Joseph P. Kennedy, patriarch of the most distinguished family in modern American history, met Franklin Roosevelt in World War I, when Roosevelt was Assistant Secretary of the Navy and Kennedy was assistant general manager of Bethlehem Steel’s Fore River Shipyard in Quincy, MA. Kennedy prospered as a businessman, and he helped swell Roosevelt’s campaign coffers in 1932. Roosevelt gratefully made Kennedy inaugural Chairman of the Securities and Exchange Commission (his nearest successors were James Landis, William Douglas, and Jerome Frank).
On January 7, 1938, FDR selected Kennedy to replace the deceased Robert Bingham as Ambassador to the Court of St. James. In London, he got to do fun things like witness the opening of children’s zoos and dejectedly ponder the future of Western civilization. Kennedy told a Boston Globe interviewer in November 1940 that “[d]emocracy is all done. . . . Democracy is finished in England. It may be here.” The notion that Britain was fighting for democracy rather than economic survival was “bunk.” Having embarrassed the State Department with his apparent defeatism, Kennedy could no longer be allowed to speak for it. He resigned on November 6, 1940.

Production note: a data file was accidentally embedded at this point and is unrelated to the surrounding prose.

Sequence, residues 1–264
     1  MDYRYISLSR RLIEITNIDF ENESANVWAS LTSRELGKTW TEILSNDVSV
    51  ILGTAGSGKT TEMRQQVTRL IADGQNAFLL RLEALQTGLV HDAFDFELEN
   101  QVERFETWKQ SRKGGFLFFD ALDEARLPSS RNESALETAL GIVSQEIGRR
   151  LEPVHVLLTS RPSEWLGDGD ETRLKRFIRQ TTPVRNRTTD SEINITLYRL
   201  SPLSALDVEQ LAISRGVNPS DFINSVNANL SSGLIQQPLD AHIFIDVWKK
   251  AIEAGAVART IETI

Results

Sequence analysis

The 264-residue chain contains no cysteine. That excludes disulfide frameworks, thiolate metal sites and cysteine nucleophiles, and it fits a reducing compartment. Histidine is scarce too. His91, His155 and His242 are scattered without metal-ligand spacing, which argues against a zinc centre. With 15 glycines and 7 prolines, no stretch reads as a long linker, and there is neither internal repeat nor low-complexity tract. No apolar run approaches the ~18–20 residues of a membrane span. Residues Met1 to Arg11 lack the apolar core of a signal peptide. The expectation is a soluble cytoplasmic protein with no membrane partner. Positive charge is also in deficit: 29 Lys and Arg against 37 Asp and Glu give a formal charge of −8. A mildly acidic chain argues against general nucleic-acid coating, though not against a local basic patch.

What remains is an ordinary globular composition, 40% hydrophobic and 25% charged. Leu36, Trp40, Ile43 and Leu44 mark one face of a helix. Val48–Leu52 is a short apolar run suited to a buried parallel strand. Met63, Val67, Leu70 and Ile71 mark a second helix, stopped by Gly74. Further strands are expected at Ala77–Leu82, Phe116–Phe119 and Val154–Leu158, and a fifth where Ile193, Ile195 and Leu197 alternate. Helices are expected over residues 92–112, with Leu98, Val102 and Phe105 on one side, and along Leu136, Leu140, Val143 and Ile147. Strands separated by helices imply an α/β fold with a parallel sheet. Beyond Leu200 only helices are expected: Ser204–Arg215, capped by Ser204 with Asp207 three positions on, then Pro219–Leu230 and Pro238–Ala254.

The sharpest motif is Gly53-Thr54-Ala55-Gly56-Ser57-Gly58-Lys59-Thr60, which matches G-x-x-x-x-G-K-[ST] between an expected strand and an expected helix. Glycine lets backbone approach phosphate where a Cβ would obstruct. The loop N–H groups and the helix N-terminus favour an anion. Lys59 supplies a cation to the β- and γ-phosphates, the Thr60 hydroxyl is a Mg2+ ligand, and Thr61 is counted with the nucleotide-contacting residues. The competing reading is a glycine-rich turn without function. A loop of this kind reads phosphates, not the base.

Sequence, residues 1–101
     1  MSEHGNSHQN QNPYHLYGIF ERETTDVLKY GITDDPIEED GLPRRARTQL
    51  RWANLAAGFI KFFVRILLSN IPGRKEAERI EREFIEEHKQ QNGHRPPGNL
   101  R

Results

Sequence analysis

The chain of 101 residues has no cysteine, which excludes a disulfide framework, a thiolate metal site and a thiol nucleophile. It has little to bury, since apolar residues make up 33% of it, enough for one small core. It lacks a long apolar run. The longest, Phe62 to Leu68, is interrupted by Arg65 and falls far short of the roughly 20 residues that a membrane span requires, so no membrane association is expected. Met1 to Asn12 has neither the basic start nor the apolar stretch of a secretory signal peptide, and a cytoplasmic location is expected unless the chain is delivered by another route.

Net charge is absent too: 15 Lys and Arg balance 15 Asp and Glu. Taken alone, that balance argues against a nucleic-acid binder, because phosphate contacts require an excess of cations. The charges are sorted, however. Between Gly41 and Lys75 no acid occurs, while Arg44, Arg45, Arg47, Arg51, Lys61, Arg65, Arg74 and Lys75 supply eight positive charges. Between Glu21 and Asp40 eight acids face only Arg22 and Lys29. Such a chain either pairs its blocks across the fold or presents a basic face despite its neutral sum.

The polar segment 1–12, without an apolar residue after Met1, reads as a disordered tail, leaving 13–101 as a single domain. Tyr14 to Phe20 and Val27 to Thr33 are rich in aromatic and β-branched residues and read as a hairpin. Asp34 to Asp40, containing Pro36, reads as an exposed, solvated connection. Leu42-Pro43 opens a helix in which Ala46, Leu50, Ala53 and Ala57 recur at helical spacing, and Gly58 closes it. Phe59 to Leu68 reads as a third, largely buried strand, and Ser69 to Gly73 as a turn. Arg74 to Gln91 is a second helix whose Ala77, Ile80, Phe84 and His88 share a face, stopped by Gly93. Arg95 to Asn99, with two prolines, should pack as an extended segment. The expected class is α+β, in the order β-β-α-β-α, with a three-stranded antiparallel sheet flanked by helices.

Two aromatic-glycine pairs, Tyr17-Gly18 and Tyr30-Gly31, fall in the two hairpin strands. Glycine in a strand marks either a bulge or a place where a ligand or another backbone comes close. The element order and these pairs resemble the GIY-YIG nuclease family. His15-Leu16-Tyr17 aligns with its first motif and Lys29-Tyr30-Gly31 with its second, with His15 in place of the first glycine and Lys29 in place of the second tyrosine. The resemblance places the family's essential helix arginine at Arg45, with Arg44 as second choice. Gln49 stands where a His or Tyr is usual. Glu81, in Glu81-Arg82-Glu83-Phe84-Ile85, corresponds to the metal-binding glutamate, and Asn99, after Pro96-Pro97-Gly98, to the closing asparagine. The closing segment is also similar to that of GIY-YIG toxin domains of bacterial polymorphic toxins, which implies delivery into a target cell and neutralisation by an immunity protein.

Here’s Kennedy’s nomination: